As the year comes to a close and investors square up their portfolios, many may look to sell out of losing positions for tax purposes.
That could mean further weakness for beaten-down assets in the short-term, but may also present attractive opportunities for those looking to snatch up underperforming assets at a discount.
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Buying assets that others have sold for tax purposes "most certainly is something that can be very useful at this time of year," said John Stoltzfus, chief market strategist at Oppenheimer. "I think it's a very good opportunity if you have a picture of where you think we're going" in the year ahead.
The idea behind tax-related selling is that individuals who have experienced capital gains in a calendar year can offset the taxes paid on those gains by showing losses on other investments. For that reason, in a year where many thing have performed well, badly performing assets can add to selling pressure.
Tax selling was certainly blamed for gold's plunge at the end of last year.The S&P 500 was up 27 percent in the year to December, while gold was down 25 percent during that time. Those who wanted to offset taxes on sales of winning stocks were assumed to sell gold for a loss—which would explain why gold continued to drop in December, and hit the dead lows of the year on Dec. 31st.
This time around, the obvious candidate for tax selling is crude oil, which has fallen almost 50 percent from its highs on the year.
Just as gold simply kept dropping at the end of 2013, "I would expect that you would see the same thing for the crude oil market. There [are] a lot of traders, a lot of positions, that are long right now, and they're going to want to liquidate before the end of the year," said NYMEX energy trader Anthony Grisanti of GRZ Energy.
Of course, it hasn't been a great year for many commodities. Gold, too, is off of its highs, which makes Bill Baruch of iiTrader think it could succumb to tax-related selling in the sessions ahead. Still, Baruch says the better trade isn't going short for the short-term, but looking for the buying opportunities that tax-pressured selling could create.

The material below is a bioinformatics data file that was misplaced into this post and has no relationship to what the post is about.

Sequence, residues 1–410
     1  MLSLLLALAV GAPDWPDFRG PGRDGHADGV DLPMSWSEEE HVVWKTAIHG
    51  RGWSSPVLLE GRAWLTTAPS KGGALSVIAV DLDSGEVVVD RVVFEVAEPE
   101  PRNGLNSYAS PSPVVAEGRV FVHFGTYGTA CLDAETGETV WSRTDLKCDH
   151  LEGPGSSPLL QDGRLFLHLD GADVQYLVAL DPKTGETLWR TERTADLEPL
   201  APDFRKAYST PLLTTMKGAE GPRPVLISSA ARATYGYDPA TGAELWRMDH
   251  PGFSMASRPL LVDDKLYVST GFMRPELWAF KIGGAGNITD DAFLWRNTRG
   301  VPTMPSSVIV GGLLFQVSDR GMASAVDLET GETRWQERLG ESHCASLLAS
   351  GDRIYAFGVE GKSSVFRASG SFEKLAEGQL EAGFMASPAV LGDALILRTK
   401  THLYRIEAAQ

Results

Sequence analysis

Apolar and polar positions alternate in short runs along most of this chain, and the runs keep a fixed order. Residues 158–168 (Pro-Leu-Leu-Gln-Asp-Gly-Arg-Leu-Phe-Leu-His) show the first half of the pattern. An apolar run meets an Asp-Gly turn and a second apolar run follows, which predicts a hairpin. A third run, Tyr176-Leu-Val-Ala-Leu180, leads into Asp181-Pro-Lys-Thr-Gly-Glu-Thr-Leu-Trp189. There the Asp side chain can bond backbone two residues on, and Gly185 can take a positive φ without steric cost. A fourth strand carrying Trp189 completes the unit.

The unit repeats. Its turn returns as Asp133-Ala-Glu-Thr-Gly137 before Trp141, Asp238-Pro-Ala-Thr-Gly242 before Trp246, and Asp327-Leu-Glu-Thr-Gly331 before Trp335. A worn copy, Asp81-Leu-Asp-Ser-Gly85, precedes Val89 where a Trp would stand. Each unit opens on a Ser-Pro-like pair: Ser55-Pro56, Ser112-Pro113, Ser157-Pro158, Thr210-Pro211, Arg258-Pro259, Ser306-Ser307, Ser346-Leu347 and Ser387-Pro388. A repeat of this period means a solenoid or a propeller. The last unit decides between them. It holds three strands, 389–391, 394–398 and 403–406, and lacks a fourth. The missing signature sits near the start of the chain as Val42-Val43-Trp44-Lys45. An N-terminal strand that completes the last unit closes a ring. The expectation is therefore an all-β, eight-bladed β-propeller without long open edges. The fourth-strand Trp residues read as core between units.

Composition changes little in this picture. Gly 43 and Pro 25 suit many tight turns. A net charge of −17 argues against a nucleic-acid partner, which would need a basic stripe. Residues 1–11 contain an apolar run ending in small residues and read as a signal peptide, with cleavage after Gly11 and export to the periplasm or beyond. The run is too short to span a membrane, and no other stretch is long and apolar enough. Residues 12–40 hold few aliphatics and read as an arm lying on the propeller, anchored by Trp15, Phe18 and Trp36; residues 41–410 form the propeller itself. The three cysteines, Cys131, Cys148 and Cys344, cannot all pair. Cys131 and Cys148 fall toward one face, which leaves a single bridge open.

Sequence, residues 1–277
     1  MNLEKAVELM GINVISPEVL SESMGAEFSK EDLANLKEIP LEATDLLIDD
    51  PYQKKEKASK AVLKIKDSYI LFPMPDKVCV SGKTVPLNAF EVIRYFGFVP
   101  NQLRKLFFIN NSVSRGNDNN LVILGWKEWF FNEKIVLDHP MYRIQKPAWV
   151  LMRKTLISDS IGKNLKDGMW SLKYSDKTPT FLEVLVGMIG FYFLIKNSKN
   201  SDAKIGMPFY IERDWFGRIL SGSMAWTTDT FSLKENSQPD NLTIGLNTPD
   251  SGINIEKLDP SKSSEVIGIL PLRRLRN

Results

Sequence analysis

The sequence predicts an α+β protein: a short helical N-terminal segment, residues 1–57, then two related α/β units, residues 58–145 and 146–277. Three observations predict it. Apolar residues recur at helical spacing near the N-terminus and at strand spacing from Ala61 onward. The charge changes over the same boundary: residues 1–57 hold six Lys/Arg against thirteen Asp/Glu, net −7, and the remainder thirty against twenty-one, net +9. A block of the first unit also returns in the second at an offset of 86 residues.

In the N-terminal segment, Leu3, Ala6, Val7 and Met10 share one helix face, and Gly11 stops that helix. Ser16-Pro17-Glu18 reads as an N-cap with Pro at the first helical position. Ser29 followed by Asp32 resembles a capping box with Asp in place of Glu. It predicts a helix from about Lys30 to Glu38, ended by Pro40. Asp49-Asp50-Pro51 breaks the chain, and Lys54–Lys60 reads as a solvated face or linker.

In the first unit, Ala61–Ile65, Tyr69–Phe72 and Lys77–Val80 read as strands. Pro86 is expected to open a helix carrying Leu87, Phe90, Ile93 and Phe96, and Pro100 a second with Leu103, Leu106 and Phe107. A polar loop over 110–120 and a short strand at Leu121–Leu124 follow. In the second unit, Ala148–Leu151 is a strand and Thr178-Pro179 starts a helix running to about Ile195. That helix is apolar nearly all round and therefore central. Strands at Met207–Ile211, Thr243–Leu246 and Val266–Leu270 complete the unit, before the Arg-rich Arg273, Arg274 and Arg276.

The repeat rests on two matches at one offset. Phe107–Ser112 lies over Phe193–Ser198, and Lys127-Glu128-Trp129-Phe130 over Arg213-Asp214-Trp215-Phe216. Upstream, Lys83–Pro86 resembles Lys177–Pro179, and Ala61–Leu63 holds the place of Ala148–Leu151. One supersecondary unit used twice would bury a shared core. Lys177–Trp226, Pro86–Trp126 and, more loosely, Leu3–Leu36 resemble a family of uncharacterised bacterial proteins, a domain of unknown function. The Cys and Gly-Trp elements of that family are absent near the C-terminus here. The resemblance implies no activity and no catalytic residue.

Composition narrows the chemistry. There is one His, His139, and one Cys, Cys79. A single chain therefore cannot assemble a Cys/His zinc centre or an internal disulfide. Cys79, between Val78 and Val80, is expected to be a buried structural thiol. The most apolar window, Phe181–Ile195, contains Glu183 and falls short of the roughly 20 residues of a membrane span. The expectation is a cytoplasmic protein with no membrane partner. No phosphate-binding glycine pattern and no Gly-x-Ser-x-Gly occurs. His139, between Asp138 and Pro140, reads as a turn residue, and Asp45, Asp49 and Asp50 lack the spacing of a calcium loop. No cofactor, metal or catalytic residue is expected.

"What you want to take away from this is not only a bearish bias in underperforming commodities towards the end of the year, but also the late holiday gift it leaves," he told CNBC via email.
Investors can easily snap up battered commodities at the start of 2015, Baruch said. Additionally, "those commodities can also see a further boost as fund managers look to reallocate into underperforming assets, creating what can potentially be a bullish bias to start the year."
The same trick could work for individual equities and ETFs, particularly those exposed to oil. Jeff Saut of Raymond James advocates taking advantage of the oil weakness by "buying midstream MLPs in tax-loss selling season."
Oppenheimer's Stoltzfus, who has a 2015 S&P 500 target of 2,311, says that "we'd be shopping" amid the selling, particularly in "spaces where you'd see opportunities created by current results that leave investors disappointed."
When it comes buying to energy stocks, "you have to be a bit of a contrarian," he said. "You won't look great at the cocktail party, but you might look great a year from now."
On the other hand, strategies like buying assets that some are selling for tax purposes might work better in more predictable times, or for more stable assets than crude has proven to be.
"There's so much [turmoil] going on in the commodity markets here that tax loss selling is the least of their problems," said Andrew Hecht, a former commodities trader and the author of How to Make Money with Commodities.
And as for those tempted to sell in order to harvest losses? George Clough, a financial planner with People's United Bank Wealth Management, says that it's important for investors to "look at their overall situation, rather than letting the tax-tail wag the tax-dog."
Clough added: "Unless something really objective is saying this is the time to get out of that losing investment, maybe tax reasons aren't strong enough to warrant a sale. And frankly, studies show that emotionally pulling money in and out of markets doesn't really yield the best results for our clients," he said.
Clough worries that part of the rationale behind late-year sales is often an emotional desire to shed losing investments before the new year begins. This would help explain the rush of tax-related selling as December draws to a close, even though tax-loss harvesting can happen at any point in the calendar year.
If an individual really have a good reason to get out of an investment, "Why didn't they think about this earlier?" he asked rhetorically.